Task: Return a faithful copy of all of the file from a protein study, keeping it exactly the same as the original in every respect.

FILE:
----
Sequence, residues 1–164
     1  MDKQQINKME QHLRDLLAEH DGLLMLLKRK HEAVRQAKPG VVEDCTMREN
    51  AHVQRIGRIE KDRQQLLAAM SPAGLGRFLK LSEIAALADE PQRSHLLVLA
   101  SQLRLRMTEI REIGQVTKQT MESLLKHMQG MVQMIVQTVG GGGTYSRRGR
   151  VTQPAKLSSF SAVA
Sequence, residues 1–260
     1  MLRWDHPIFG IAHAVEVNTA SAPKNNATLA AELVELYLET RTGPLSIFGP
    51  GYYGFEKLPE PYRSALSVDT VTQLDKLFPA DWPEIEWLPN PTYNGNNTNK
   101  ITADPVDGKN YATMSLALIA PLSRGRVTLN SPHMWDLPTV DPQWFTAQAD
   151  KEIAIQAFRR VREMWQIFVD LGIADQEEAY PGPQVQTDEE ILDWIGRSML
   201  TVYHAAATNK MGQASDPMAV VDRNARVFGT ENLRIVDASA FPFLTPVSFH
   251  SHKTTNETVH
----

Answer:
Sequence, residues 1–164
     1  MDKQQINKME QHLRDLLAEH DGLLMLLKRK HEAVRQAKPG VVEDCTMREN
    51  AHVQRIGRIE KDRQQLLAAM SPAGLGRFLK LSEIAALADE PQRSHLLVLA
   101  SQLRLRMTEI REIGQVTKQT MESLLKHMQG MVQMIVQTVG GGGTYSRRGR
   151  VTQPAKLSSF SAVA
Sequence, residues 1–260
     1  MLRWDHPIFG IAHAVEVNTA SAPKNNATLA AELVELYLET RTGPLSIFGP
    51  GYYGFEKLPE PYRSALSVDT VTQLDKLFPA DWPEIEWLPN PTYNGNNTNK
   101  ITADPVDGKN YATMSLALIA PLSRGRVTLN SPHMWDLPTV DPQWFTAQAD
   151  KEIAIQAFRR VREMWQIFVD LGIADQEEAY PGPQVQTDEE ILDWIGRSML
   201  TVYHAAATNK MGQASDPMAV VDRNARVFGT ENLRIVDASA FPFLTPVSFH
   251  SHKTTNETVH